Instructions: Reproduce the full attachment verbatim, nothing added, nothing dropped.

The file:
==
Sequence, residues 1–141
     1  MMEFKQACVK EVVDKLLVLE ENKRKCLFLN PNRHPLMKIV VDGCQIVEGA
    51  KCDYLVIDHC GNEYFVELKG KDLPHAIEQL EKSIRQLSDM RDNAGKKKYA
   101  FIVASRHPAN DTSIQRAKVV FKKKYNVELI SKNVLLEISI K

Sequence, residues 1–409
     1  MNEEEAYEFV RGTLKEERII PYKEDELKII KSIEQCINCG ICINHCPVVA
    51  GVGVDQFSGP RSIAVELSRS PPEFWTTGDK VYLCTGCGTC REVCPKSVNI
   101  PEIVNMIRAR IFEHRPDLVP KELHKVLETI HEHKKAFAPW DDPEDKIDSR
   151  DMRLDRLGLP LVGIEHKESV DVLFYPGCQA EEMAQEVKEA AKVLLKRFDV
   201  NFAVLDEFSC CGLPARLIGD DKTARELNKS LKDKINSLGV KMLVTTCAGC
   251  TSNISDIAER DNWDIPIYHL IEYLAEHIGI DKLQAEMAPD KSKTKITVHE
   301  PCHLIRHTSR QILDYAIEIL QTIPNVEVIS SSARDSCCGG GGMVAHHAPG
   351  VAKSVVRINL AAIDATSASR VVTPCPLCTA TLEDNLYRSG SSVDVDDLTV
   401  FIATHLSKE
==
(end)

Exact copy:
Sequence, residues 1–141
     1  MMEFKQACVK EVVDKLLVLE ENKRKCLFLN PNRHPLMKIV VDGCQIVEGA
    51  KCDYLVIDHC GNEYFVELKG KDLPHAIEQL EKSIRQLSDM RDNAGKKKYA
   101  FIVASRHPAN DTSIQRAKVV FKKKYNVELI SKNVLLEISI K

Sequence, residues 1–409
     1  MNEEEAYEFV RGTLKEERII PYKEDELKII KSIEQCINCG ICINHCPVVA
    51  GVGVDQFSGP RSIAVELSRS PPEFWTTGDK VYLCTGCGTC REVCPKSVNI
   101  PEIVNMIRAR IFEHRPDLVP KELHKVLETI HEHKKAFAPW DDPEDKIDSR
   151  DMRLDRLGLP LVGIEHKESV DVLFYPGCQA EEMAQEVKEA AKVLLKRFDV
   201  NFAVLDEFSC CGLPARLIGD DKTARELNKS LKDKINSLGV KMLVTTCAGC
   251  TSNISDIAER DNWDIPIYHL IEYLAEHIGI DKLQAEMAPD KSKTKITVHE
   301  PCHLIRHTSR QILDYAIEIL QTIPNVEVIS SSARDSCCGG GGMVAHHAPG
   351  VAKSVVRINL AAIDATSASR VVTPCPLCTA TLEDNLYRSG SSVDVDDLTV
   401  FIATHLSKE